Well, in a study conducted by researchers at the University of California, Berkeley, they found that people practicing gratitude skills along with mental health counseling were found to have better mental health (a decrease in symptoms) months after those who just received counseling (3). Gratitude can be used in a variety of circumstances, and although it may prove to be difficult in certain situations, it can still lead to long-lasting benefits. 


Practicing gratitude with journaling

How can gratitude be a coping mechanism?

There are various ways to practice gratitude as a coping mechanism. This means that you might have to try out a few methods and then just stick with what works best for you. Remember, this is something that is meant to be practiced regularly, simply writing a list one time or saying thank you to a random person won’t lead to immediate effects. 


For example, in the study conducted at Berkeley mentioned above, those who were asked to practice gratitude were asked to write a letter of gratitude to a different person for only 3 weeks (3). This means they only wrote 3 letters in total! 


Another example from a study found that practicing gratitude for 15 minutes a day, for 5 days a week, for a total of 6 weeks led to a boost in mental well-being. The exercises they used were focused mainly on writing exercises that expressed gratitude for possessions and internal attributes, and gratitude towards other people (4).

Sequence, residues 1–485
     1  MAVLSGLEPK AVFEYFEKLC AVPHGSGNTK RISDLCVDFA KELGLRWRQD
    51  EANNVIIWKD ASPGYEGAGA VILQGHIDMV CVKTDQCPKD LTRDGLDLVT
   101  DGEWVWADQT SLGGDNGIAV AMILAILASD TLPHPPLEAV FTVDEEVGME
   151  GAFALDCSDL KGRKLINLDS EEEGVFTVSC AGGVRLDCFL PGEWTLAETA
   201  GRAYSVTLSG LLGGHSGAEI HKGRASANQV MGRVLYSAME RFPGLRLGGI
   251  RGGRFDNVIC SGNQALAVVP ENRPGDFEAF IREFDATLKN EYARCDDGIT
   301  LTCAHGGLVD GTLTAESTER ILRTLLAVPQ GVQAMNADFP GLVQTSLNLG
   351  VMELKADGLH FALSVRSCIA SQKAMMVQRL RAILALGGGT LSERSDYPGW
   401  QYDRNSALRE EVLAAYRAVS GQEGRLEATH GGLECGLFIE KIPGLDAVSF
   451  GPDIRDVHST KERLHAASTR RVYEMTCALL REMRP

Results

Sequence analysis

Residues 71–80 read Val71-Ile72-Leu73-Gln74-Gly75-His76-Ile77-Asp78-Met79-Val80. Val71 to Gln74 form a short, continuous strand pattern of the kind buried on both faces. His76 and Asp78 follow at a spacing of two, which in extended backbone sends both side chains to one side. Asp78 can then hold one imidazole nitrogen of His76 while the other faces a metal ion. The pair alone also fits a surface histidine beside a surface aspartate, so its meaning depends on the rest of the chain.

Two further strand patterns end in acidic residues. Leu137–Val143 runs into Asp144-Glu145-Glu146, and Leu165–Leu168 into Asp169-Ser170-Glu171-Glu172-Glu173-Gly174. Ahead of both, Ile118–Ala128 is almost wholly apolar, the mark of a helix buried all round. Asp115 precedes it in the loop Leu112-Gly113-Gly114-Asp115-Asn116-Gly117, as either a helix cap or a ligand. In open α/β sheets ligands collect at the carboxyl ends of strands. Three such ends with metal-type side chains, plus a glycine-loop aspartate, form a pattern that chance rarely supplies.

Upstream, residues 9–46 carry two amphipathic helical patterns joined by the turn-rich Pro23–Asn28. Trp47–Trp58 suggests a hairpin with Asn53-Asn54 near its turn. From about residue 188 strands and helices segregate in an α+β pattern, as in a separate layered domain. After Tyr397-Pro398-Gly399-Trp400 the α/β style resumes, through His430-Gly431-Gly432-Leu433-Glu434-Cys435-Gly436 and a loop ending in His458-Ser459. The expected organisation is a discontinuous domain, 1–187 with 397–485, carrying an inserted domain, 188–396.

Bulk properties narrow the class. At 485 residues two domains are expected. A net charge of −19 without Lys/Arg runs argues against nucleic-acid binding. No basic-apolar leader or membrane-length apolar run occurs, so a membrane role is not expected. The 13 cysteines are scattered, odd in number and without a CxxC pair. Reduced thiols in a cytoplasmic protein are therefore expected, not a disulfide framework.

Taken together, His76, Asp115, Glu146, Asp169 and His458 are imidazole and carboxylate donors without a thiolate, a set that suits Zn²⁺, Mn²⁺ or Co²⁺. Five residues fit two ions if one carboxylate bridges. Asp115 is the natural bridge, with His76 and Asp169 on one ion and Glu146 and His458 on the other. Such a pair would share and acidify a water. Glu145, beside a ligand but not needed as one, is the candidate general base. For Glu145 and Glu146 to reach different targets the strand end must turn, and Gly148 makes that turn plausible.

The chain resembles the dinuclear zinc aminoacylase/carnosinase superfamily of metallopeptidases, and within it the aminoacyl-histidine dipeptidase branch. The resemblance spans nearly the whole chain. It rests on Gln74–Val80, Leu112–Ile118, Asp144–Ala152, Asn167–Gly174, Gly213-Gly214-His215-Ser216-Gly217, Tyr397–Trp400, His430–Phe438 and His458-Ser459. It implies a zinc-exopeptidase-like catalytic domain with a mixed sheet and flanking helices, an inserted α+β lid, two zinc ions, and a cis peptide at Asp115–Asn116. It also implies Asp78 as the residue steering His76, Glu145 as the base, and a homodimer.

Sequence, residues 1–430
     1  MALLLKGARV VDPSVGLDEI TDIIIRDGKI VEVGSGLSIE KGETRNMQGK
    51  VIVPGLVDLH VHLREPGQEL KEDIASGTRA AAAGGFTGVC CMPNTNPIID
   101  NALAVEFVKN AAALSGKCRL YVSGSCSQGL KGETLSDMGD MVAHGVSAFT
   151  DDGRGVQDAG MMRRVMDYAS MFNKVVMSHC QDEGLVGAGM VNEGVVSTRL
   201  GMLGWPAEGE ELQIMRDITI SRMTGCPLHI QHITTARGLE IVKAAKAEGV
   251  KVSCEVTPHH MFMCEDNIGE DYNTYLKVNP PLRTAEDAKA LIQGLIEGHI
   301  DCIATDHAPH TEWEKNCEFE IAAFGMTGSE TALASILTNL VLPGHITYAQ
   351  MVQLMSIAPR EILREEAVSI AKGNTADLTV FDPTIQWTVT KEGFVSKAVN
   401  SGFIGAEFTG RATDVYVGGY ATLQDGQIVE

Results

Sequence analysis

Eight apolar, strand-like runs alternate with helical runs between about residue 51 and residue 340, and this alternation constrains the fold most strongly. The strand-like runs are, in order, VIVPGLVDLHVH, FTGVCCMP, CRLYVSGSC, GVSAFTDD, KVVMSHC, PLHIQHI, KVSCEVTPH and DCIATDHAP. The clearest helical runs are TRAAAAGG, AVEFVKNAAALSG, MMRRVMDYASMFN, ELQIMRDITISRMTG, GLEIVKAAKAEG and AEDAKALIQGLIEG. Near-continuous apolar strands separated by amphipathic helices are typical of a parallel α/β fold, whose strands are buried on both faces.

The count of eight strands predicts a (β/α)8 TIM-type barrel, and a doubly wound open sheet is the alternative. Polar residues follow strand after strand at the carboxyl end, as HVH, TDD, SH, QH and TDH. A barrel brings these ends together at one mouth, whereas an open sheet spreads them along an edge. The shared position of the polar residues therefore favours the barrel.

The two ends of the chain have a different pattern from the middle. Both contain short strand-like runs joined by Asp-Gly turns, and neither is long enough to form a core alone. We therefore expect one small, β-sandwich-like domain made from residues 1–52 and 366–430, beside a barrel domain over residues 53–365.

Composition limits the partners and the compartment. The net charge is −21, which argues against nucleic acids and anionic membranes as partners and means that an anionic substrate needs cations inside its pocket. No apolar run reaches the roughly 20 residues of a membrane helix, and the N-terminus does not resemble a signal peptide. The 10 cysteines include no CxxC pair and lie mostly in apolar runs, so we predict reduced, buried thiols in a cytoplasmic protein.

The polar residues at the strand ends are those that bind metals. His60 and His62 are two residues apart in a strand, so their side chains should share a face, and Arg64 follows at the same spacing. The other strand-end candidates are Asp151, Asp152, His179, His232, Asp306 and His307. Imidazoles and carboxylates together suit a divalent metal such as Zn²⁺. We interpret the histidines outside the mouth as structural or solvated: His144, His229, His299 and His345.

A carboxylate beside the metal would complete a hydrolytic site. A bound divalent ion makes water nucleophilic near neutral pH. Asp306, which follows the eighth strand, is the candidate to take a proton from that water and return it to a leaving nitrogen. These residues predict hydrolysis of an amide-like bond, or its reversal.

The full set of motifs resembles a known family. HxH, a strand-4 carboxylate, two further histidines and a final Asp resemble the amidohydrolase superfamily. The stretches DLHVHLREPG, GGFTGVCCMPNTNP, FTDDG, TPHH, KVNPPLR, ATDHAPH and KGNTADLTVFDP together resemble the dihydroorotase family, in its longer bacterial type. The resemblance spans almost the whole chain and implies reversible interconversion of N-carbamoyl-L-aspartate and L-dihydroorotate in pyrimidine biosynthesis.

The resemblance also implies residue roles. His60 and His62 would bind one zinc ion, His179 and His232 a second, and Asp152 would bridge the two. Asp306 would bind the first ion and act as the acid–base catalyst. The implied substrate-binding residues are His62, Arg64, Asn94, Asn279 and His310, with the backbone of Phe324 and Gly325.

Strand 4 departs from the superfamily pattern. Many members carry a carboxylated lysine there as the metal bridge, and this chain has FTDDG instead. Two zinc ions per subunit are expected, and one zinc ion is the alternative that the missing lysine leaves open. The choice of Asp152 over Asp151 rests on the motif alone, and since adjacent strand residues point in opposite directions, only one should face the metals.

From both of these studies, we see that it needs to be done deliberately and consistently. It takes time to see results, but it will always be worth it. Here are a couple of ideas that you could try out: 


  • Writing a letter of gratitude to someone. The cool thing about this one is you don’t even have to send it. You could write a letter of gratitude to someone who may have passed away or even to someone at work. 


  • Making a list of things you’re grateful for from that day. You’ll find that the more you practice this, the more you’ll be able to see things that you’re grateful for. You can keep a journal of some sorts or even a list on your notes app. 


  • Calling someone and expressing gratitude towards someone. This will be a lot more intimate, but sometimes this is all that people need to hear. You can challenge yourself and call someone who you wouldn’t usually express gratitude towards, or you could even call a close friend and/or parent. 



Expressing gratitude towards someone


Talk to a therapist

If you would like to learn how to practice gratitude as a coping mechanism, consider reaching out for a therapist. They can help you in learning how to practice gratitude in your daily life. If you’re already meeting with one, consider asking them about some gratitude exercises you could be assigned as a therapy assignment. 


In conclusion, remember this quote from Sonja Lyubomirsky from her book The How of Happiness:


“Gratitude is an antidote to negative emotions, a neutralizer of envy, hostility, worry, and irritation. It is savoring; it is not taking things for granted; it is present oriented.” (5)


Gratitude, when practiced well, can only help improve your life. 

 

Sources


This blog was written by Alessandro Gemio, edited by Izzy Maire, and reviewed/approved by Taylor Madsen, LMFT, and Hailey Maire, LCSW.